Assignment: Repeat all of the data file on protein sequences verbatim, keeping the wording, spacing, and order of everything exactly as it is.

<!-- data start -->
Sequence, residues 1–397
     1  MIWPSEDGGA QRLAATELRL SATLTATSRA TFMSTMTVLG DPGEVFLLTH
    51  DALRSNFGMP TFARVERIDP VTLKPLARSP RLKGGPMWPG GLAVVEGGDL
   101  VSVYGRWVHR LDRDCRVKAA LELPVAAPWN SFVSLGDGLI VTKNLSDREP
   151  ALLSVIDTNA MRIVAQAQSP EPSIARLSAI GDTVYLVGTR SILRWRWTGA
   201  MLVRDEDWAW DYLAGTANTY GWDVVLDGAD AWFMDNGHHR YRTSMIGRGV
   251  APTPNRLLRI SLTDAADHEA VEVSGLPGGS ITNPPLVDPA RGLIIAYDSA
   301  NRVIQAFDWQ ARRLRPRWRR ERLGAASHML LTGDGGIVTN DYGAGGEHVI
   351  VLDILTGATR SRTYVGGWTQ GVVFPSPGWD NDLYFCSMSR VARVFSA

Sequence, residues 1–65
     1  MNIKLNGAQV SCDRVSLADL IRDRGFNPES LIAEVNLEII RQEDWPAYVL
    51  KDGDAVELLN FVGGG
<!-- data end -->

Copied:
Sequence, residues 1–397
     1  MIWPSEDGGA QRLAATELRL SATLTATSRA TFMSTMTVLG DPGEVFLLTH
    51  DALRSNFGMP TFARVERIDP VTLKPLARSP RLKGGPMWPG GLAVVEGGDL
   101  VSVYGRWVHR LDRDCRVKAA LELPVAAPWN SFVSLGDGLI VTKNLSDREP
   151  ALLSVIDTNA MRIVAQAQSP EPSIARLSAI GDTVYLVGTR SILRWRWTGA
   201  MLVRDEDWAW DYLAGTANTY GWDVVLDGAD AWFMDNGHHR YRTSMIGRGV
   251  APTPNRLLRI SLTDAADHEA VEVSGLPGGS ITNPPLVDPA RGLIIAYDSA
   301  NRVIQAFDWQ ARRLRPRWRR ERLGAASHML LTGDGGIVTN DYGAGGEHVI
   351  VLDILTGATR SRTYVGGWTQ GVVFPSPGWD NDLYFCSMSR VARVFSA

Sequence, residues 1–65
     1  MNIKLNGAQV SCDRVSLADL IRDRGFNPES LIAEVNLEII RQEDWPAYVL
    51  KDGDAVELLN FVGGG